Photo series of the Second Palace of Knossos (ca. 1700-1600 BCE) # 2


Photo series of the Second Palace of Knossos (ca. 1700-1600 BCE) # 2

Here again you see a set of three photos of the rear stairwells of the Second Palace, which are very well preserved... indeed, so well preserved that even the ruins of Pompeii cannot boast of such restoration. The third photo shows that the interior wall structure of the Second Palace was pretty much identical with the Third, with door jambs in the same style and of the same colour. Unquestionably, the columns of the Second Palace must have looked pretty much identical to those of the Third. You can clearly see from the third and fourth photos that much of the structure of the retaining walls of the Second Palace was left intact by the Minoan engineers when they constructed the Third.    The retaining walls of the Second Palace are distinct, insofar as they are rounded at the corners. 

Knossos second palace f 

Knossos second palace h

Knossos second palace g


Photo series of the Palaces of Knossos, first (1900 BCE), second (1700 BCE) & late Minoan III (1500 BCE)


Photo series of the Palaces of Knossos, first (1900 BCE), second (1700 BCE) & late Minoan III (1500 BCE)

For the next few months, at least twice a week, I shall be posting scores of the wonderful photos I took of the Palaces of Knossos, which I took the day I visited the site, May 1 2012.  Today, I am starting with 2 photos of the First Palace (ca. 1900 BCE), which was destroyed by earthquake.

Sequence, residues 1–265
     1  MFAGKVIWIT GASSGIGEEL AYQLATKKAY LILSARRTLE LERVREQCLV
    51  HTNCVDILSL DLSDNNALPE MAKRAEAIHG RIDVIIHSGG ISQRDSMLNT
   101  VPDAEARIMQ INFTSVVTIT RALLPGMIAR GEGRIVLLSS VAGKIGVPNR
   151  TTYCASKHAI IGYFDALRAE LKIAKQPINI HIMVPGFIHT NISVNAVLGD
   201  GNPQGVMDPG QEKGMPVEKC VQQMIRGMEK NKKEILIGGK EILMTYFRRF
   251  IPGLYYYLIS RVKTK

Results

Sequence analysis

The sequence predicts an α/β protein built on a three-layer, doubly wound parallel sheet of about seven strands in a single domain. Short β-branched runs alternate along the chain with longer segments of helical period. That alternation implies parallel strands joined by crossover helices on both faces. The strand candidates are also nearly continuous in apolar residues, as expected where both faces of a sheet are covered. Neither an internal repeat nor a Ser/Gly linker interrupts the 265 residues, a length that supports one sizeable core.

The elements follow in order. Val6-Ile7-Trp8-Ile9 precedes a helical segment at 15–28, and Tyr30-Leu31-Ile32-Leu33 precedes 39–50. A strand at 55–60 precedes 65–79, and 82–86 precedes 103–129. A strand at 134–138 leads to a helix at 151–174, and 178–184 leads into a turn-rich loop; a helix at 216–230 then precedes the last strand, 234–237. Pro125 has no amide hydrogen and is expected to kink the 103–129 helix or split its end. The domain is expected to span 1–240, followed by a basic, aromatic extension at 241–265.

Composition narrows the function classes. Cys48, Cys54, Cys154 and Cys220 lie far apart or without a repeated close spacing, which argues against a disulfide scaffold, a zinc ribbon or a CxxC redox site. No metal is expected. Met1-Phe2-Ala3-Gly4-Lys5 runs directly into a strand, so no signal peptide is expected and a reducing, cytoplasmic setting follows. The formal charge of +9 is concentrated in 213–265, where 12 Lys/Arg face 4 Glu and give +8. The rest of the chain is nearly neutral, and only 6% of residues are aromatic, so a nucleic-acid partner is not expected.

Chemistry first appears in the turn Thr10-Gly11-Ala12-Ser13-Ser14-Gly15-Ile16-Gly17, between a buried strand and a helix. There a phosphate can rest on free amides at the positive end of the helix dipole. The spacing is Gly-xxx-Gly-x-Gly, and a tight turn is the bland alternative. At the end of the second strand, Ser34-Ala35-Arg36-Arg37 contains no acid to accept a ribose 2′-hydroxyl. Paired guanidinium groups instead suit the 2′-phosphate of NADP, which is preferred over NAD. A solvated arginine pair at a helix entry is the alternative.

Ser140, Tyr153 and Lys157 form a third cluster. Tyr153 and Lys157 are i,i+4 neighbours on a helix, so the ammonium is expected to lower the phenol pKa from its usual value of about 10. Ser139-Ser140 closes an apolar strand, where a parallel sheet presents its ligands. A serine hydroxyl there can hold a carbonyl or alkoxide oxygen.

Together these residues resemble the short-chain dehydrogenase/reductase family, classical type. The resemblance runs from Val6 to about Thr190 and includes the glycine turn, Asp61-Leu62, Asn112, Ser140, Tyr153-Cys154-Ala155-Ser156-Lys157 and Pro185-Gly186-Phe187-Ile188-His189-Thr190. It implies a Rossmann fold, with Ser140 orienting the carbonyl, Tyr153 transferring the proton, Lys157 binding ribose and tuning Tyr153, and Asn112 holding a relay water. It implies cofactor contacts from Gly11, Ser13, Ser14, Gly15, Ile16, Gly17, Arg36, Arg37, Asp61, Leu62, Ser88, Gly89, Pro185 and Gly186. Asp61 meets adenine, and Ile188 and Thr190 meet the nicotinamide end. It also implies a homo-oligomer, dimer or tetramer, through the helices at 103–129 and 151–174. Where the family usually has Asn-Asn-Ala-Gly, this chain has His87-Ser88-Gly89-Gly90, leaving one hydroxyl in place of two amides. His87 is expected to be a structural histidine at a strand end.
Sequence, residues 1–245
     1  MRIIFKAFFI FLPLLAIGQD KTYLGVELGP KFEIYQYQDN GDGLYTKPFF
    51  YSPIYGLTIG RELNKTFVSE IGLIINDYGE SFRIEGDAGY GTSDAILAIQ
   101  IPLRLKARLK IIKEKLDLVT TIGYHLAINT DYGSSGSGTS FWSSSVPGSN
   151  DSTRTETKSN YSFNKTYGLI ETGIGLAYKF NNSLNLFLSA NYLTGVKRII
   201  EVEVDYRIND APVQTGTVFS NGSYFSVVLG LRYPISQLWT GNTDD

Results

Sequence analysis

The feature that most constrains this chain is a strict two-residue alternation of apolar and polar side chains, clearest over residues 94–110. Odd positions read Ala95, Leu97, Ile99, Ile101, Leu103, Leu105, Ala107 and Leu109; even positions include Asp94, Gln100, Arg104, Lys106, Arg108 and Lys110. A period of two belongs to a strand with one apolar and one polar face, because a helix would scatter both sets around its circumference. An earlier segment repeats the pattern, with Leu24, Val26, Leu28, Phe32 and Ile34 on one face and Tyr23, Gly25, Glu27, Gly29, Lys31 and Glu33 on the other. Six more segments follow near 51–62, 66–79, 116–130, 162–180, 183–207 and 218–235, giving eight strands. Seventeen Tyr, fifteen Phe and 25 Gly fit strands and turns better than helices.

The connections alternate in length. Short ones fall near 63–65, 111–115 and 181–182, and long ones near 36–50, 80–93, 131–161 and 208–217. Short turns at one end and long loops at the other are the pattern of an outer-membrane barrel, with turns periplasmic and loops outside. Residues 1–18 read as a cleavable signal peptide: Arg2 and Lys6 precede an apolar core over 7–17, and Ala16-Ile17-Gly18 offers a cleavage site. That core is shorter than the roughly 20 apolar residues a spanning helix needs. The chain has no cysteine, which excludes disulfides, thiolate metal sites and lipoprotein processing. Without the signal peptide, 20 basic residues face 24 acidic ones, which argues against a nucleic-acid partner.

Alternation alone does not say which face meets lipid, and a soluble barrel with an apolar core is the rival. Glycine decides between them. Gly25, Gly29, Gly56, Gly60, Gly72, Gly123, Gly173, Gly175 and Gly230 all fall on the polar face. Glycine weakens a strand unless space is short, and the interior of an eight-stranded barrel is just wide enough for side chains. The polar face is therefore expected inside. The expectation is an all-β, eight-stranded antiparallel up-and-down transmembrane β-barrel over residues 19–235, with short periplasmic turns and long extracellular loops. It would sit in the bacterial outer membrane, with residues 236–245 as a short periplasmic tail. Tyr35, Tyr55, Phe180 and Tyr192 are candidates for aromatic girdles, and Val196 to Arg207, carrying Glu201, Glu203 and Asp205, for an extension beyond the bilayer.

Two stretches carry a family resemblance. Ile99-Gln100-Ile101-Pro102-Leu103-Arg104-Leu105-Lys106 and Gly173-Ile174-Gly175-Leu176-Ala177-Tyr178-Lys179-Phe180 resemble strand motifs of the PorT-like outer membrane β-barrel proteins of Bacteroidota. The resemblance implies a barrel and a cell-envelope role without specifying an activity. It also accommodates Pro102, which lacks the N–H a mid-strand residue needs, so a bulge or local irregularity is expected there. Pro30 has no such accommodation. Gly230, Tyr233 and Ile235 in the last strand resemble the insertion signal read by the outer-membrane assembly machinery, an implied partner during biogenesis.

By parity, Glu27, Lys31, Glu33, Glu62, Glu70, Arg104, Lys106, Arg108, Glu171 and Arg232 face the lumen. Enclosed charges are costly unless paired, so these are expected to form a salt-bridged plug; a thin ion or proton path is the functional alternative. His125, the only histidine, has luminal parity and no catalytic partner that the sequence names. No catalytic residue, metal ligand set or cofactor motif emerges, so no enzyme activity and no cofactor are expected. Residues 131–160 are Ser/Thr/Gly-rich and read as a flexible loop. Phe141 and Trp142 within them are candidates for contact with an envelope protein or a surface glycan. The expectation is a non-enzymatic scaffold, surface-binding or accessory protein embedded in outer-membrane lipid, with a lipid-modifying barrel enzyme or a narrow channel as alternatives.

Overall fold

The First Palace

Knossos first palace a

Knossos first palace a

Over its ruins the Second Palace( ca. 1700 BCE), of which you can also see a couple of photos here, was built. While the second palace also succumbed to major earthquakes, much of it still remains intact, as you will see in the next post as well.

The Second Palace

Knossos second palace c

Knossos second palace d

Some of the Third Palace, late Minoan II (ca. 1500-1425 BCE) was added onto the second. The rest of it was built over it. Even from the wasted ruins of the First Palace, you can see it was an advanced complex. Apparently, the population of Knossos was already around 18,000 by the time of the first palace, and had risen to at least 55,000 in the late Minoan III period. For antiquity, that is an extremely large city. 

Knossos Palace – Architecture – Geometric, Circular – Minoan Columns


Knossos Palace – Architecture – Geometric, Circular – Minoan Columns  (Click to ENLARGE):

Knossosgeometriccircularmotifs

 

Photo taken at Knossos, May 2 2012

 

Palace of Knossos, Architecture – Earthquake-resistant


Palace of Knossos, Architecture –  Earthquake-resistant (Click to ENLARGE each photo):

Knossoswindowframesanddoorframes

Knossos masonry window & door frames

Knossos window frames & stairwell to second story

Photos taken by yours truly on May 2, 2012 at Knossos.

Knossos: Fresco of the Cupbearers & walls of the Second Palace


Knossos: walls of the Second Palace & Fresco of the Cupbearers (Click to ENLARGE):

Knossos cup bearers & second palace walls

The Fresco of the Cupbearers adorned the magnificent Palatial Entranceway to the Last Palace of Knossos (Late Minoan III, ca. 1400 BCE), while the walls of the Second Palace are Middle Minoan (1700-1600 BCE)

 

 

 

 

Knossos: Plan of the Second Palace (Late Minoan III)


Knossos: Plan of the Second Palace (Late Minoan III) [Click to ENLARGE]

Knossos plan of the Palace

I took these photos and the next 4 in the next 2 posts when I was in Knossos on May 2 2012 (among several hundred others).